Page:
Chicago Press and Tribune, August 21, 1858. The fragmentary text of this speech as given in the Press and Tribune was widely copied in other papers. Although there are reports in other papers originating from other correspondents, only this one gives a verbatim transcription of any considerable portion of the speech.
Taking the Press and Tribune report at face value, it would seem that the reporter whose initials ``G.P.'' appear at the end, wrote his story at the scene of the speech and transcribed verbatim the peroration on the Declaration of Independence. Since ``G.P.'' cannot be identified, however, Horace White's statement to Herndon in 1865 deserves to be considered. White, a Tribune reporter maintained in 1865 that he had reported the speech as printed in the Press and Tribune, and that it was actually part of the speech delivered at Beardstown on August 12 (supra), which ``inasmuch as my report of the Beardstown meeting had already been mailed I incorporated . . . in my letter from Lewisto[w]n two or three days [actually five days] subsequently.'' (Herndon, II, 418). To offset this recollection of later years is the fact that in none of the reports of the Beardstown speech which have been found, is there any reference to the peroration on the Declaration of Independence, the passage to which White referred in his 1865 statement. White's account also casts some doubt on the verbal accuracy of the passage by maintaining that he had written it from memory the day after it was delivered. ``After I had finished writing I read it to Mr. Lincoln. When I had finished the reading he said, `Well, those are my views, and if I said anything on the subject I must have said substantially that, but not nearly so well as that is said.' '' (Ibid., 417-18).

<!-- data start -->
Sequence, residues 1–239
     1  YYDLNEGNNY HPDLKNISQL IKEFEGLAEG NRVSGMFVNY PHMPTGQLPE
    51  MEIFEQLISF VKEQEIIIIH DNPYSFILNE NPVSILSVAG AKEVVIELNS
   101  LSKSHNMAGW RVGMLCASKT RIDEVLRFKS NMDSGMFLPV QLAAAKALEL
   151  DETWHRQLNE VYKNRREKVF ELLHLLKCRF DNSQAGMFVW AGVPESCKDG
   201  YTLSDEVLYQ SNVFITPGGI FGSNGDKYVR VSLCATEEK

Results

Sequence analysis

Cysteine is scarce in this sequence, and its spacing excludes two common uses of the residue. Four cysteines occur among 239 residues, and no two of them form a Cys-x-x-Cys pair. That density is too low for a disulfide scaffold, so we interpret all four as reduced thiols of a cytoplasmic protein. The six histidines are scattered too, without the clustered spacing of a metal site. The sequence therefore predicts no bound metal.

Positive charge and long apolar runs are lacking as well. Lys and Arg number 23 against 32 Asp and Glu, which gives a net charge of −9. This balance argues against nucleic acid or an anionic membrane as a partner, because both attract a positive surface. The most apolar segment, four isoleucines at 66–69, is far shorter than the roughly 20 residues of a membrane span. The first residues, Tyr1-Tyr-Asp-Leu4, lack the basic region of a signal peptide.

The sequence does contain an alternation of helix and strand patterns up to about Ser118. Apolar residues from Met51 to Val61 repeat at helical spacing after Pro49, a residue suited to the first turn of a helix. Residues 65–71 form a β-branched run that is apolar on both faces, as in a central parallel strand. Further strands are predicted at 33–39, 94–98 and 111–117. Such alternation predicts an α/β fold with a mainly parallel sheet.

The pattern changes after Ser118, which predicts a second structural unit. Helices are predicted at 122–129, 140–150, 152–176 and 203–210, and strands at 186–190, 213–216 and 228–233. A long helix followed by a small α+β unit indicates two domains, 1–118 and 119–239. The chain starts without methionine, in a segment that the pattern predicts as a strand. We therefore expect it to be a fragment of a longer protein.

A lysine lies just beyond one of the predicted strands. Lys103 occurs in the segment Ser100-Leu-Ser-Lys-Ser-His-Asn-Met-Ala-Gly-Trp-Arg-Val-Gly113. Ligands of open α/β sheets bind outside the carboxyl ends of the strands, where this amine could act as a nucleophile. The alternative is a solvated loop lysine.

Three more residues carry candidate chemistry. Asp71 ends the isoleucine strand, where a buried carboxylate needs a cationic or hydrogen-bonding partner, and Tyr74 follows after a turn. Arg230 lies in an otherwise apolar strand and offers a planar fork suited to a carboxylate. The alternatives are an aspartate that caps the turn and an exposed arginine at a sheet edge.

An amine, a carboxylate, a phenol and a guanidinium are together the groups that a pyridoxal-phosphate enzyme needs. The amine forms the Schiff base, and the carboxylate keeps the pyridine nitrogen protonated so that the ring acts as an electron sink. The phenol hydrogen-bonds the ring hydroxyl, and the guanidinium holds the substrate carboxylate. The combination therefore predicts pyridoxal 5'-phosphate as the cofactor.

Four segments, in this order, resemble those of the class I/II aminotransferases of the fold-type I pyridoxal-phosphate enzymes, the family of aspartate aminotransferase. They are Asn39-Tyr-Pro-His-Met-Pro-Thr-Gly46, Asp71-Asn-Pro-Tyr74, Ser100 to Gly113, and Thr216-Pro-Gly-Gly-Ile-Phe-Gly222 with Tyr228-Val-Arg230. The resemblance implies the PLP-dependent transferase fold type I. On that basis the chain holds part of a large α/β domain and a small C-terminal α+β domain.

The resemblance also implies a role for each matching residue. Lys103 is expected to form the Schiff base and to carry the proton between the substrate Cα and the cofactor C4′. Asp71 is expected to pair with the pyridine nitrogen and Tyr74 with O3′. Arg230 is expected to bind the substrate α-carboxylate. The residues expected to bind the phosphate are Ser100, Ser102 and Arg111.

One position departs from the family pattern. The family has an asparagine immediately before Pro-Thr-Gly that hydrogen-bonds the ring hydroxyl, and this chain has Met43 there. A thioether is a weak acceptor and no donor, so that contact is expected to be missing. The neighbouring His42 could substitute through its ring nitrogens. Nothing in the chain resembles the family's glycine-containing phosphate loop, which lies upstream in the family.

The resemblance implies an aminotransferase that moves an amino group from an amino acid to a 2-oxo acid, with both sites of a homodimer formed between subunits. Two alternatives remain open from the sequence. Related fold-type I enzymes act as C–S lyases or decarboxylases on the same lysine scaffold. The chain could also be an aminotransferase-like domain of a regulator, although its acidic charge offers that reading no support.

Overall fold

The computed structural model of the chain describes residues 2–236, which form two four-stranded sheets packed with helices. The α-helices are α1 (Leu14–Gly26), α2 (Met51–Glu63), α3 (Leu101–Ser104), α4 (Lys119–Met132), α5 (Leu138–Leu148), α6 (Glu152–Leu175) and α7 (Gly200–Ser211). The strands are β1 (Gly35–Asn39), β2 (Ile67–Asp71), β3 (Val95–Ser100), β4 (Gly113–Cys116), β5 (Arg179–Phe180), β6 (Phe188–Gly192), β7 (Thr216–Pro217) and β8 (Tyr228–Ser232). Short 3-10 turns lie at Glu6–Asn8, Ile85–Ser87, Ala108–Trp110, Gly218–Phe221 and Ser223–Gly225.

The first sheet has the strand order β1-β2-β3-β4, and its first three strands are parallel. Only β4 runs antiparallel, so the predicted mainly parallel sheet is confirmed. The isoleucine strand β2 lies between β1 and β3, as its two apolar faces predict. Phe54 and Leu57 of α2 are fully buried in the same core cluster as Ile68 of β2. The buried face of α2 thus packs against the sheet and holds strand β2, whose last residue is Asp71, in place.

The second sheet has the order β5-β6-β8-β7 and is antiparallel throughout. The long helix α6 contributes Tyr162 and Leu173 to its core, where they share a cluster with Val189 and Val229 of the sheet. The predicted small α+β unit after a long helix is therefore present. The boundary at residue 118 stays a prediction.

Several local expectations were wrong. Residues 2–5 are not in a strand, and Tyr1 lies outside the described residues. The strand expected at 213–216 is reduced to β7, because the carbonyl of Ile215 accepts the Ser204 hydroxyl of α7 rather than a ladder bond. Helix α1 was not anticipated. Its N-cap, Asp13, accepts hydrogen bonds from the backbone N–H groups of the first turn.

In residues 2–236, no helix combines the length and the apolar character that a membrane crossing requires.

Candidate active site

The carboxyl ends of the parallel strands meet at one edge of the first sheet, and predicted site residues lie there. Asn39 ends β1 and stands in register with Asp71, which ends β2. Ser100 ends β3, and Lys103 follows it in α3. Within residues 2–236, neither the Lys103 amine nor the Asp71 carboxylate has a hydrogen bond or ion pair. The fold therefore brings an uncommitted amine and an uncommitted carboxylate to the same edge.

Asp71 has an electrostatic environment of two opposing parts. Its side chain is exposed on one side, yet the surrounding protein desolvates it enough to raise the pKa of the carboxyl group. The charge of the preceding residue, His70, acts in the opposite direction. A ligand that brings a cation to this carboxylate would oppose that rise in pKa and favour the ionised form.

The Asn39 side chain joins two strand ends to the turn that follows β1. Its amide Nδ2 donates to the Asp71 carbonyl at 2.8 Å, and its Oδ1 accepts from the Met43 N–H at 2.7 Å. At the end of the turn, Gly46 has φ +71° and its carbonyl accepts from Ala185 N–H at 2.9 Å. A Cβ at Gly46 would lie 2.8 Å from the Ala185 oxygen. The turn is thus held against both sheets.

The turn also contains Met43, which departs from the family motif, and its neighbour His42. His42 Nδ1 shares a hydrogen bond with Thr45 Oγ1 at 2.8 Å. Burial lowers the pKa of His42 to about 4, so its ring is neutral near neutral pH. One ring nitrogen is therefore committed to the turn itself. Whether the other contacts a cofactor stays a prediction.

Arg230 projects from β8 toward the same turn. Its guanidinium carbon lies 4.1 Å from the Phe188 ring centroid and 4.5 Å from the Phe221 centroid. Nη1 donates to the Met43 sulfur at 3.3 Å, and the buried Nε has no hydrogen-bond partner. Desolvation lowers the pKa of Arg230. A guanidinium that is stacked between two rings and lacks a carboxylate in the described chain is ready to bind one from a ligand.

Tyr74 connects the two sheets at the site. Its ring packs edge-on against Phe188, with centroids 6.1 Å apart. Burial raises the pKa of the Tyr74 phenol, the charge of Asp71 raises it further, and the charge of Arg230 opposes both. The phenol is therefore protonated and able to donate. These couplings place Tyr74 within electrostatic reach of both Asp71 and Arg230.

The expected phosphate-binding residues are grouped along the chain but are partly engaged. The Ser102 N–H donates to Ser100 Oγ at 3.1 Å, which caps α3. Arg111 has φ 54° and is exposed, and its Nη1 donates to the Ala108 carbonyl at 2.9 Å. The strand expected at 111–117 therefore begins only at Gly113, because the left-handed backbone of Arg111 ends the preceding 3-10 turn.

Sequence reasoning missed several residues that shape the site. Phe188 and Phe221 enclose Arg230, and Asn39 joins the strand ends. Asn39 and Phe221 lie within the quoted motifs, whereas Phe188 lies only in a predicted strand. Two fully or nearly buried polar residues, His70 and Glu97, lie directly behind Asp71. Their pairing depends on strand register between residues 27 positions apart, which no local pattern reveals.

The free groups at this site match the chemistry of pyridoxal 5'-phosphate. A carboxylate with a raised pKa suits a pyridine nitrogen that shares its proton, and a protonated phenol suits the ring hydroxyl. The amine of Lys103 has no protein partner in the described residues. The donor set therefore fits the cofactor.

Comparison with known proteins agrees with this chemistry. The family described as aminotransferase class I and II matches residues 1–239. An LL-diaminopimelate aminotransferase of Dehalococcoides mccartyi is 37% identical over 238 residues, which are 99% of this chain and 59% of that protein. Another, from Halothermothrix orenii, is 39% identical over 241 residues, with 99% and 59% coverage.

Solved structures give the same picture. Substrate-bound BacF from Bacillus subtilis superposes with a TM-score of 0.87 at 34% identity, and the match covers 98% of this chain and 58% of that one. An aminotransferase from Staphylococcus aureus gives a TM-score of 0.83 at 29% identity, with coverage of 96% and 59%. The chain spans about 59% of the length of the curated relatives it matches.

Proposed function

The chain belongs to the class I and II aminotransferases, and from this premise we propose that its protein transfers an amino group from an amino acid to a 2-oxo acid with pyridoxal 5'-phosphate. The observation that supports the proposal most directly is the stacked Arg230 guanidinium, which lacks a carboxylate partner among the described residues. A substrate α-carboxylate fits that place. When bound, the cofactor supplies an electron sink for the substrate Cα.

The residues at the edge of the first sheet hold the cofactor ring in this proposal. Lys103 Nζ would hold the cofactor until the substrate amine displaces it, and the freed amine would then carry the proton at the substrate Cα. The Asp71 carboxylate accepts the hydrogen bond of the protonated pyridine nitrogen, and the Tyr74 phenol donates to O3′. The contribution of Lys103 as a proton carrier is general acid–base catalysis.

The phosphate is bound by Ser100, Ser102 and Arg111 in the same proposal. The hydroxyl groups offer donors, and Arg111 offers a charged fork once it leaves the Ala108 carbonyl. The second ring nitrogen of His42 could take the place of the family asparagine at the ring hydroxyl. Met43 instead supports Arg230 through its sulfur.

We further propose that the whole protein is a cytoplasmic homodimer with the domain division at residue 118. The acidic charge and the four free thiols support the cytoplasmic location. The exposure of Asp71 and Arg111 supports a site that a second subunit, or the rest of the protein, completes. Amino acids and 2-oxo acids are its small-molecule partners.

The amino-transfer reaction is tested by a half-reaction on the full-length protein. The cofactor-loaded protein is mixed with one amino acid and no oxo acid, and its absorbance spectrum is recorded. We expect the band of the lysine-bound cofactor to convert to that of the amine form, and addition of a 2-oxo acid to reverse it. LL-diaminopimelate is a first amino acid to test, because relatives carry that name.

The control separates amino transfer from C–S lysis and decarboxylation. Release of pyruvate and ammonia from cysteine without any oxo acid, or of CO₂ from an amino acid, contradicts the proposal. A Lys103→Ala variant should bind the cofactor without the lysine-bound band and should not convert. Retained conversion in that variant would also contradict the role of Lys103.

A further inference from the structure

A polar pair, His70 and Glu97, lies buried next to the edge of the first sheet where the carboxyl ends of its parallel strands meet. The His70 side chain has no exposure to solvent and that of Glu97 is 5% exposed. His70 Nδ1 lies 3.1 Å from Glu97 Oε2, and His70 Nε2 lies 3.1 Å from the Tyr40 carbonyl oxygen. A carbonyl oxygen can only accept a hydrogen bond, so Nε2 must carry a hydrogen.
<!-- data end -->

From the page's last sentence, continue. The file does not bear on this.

It is conceivable that White's Lewistown report and the passage from the Beardstown speech were treated as one story under the Lewistown date line. The mystery of the initials ``G.P.,'' however, has not been solved, and the fact that the reports of the Beardstown speech in all other papers make no reference to the passage on the Declaration of Independence leaves considerable doubt concerning White's 1865 statement.
In any event, the passage in question was widely copied in the Republican press, and two years later was reprinted in Republican campaign organs as a high spot in Lincoln's oratory (The Railsplitter, October 10, 1860; Wigwam, October 31, 1860).
 Congressman William Kellogg.
 Asterisks in the source.
 Two concluding paragraphs of ``G.P.'s'' report contain nothing more about the speech.